Americans are deeply ambivalent about the solitary person in our midst. On the one hand, the lone hero is much admired in national folklore -- the cowboy alone on the ridge at sunset, the daring adventurer on the road (most often a man, but in contemporary life, women also, as seen in the wonderful 1991 film Thelma and Louise) -- all free of bonds. There's been a kind of romantic admiration for the loner, sometimes with a pal, who strikes out, independent and self-reliant, roaming the backroads and having adventures that can only come to those who are unfettered and isolate.
On the other side of our ambivalence is the belief that to be alone, even temporarily, is to have been abandoned and to be sunk in a black misery of loneliness. This is understood to be particularly dreadful for women, many of whom have been, for most of their lives, so busy dealing with life on behalf of what feels sometimes like multitudes of people that to be alone must, it is argued, feel like a soul-shattering desertion by fate.
As many older women can wryly testify, a little alone time after lifetimes of juggling work and family is not quite the sentence to desperation that men, especially, have outlined for them. It is believed that it was a male physician who coined the term "empty nest" to refer to the time when a women's child care responsibilities had shifted (they never end) to adult children, and then, often, to grandchildren.
For many women, the period when there are no more children at home has poignant moments of nostalgia, to be sure, but most survive nicely, feeling more the emotion sung in the civil rights anthem, "free at last, free at last, thank God Almighty, free at last."
Five Steps to Harvesting the Fruits of Solitude
Becoming friendly with ourselves alone is a gradual learning program that includes these steps:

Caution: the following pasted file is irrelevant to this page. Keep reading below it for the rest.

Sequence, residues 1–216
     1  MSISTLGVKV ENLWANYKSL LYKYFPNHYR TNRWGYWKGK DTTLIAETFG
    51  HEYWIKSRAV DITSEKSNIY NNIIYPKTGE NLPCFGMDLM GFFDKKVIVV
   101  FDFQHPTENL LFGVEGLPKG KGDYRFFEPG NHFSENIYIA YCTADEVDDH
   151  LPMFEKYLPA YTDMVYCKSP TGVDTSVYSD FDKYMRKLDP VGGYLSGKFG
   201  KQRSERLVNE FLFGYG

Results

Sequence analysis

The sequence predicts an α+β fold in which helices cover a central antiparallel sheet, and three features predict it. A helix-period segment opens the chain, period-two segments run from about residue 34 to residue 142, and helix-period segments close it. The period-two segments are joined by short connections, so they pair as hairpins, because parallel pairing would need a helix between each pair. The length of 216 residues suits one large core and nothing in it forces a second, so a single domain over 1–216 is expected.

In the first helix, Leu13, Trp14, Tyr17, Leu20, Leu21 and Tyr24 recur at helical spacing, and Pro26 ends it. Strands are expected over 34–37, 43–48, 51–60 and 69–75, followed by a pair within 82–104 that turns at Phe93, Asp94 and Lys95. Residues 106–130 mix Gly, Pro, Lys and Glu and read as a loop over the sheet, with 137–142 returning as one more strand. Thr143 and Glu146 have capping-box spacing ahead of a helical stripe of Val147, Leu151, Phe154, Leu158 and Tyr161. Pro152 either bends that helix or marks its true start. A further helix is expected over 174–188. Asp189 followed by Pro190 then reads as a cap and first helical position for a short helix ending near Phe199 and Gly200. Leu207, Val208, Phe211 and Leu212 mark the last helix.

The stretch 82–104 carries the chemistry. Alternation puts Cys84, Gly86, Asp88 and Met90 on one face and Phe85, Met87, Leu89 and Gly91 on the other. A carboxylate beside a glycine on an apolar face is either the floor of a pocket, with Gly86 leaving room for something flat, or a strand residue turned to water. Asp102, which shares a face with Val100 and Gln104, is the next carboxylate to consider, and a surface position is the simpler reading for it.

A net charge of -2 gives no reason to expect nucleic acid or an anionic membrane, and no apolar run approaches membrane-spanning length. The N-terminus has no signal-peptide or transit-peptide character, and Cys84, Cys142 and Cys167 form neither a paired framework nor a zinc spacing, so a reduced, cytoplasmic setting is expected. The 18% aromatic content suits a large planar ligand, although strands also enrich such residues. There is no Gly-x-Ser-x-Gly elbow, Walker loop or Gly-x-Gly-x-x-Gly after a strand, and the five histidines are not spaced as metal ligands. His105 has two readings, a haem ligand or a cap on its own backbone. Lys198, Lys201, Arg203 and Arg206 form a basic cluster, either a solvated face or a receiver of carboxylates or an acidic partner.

1. Move toward wholeness by grounding yourself in a basic idea: all human beings need some kind of human connection that includes a degree of intimacy. No one can exist in health as a hermit or recluse, except perhaps the most productive of geniuses and even they always seemed to know how to get a good dinner at a friend's house.
But given the probability that most older women will have someone -- children, grandchildren, friends, colleagues -- with whom some portion of their life can be shared, a certain comfort immediately appears because, in truth, one is not completely alone in the world. There are even many settings in which colleagues provide a great deal of needed human connection -- the armed forces, company workplaces, offices, institutions, and organizations of all kinds.
2. Take a fresh look at the phenomenon of solitude itself. Of course, voluntary solitude is much to be desired, but given the circumstances of older women, involuntary solitude is more likely, and so the task of finding one's "self" is part of the process of exploring the benefits that developing a capacity for solitude might yield.
3. Embrace the alone time, and consider it beneficial. It might help you tap into the creativity that exists to some degree in everyone; it need not be as formally structured as picking up a brush to paint or sitting at the piano to compose. However, solitude can allow a return to creative, imaginative pursuits that have been abandoned since childhood. Women who always meant to learn a musical instrument, or make pottery, or keep a journal or a diary, or study languages are, sometimes quite suddenly, able to imagine a self that does those things in a pleasurable solitary pursuit.